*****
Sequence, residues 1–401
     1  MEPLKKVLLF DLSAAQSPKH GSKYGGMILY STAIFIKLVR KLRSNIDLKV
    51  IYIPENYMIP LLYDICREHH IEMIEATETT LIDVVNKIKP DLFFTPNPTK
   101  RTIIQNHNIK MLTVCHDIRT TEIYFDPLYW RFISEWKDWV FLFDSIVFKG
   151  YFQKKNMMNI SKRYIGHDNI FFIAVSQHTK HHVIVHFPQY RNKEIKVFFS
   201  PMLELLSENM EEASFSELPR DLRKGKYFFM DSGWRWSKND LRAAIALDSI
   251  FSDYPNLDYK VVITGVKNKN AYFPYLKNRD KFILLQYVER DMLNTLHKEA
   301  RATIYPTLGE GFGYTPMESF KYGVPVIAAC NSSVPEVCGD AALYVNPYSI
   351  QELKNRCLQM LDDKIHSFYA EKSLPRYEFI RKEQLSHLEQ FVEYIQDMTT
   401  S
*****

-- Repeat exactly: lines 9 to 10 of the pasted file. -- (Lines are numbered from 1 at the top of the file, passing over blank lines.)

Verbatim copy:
   351  QELKNRCLQM LDDKIHSFYA EKSLPRYEFI RKEQLSHLEQ FVEYIQDMTT
   401  S